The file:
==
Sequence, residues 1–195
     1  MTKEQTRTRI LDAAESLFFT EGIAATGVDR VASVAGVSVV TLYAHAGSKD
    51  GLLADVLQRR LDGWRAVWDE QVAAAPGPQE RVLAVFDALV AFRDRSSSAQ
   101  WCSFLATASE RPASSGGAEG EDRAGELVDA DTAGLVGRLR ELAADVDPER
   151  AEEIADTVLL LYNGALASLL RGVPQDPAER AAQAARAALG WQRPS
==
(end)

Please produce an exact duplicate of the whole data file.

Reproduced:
Sequence, residues 1–195
     1  MTKEQTRTRI LDAAESLFFT EGIAATGVDR VASVAGVSVV TLYAHAGSKD
    51  GLLADVLQRR LDGWRAVWDE QVAAAPGPQE RVLAVFDALV AFRDRSSSAQ
   101  WCSFLATASE RPASSGGAEG EDRAGELVDA DTAGLVGRLR ELAADVDPER
   151  AEEIADTVLL LYNGALASLL RGVPQDPAER AAQAARAALG WQRPS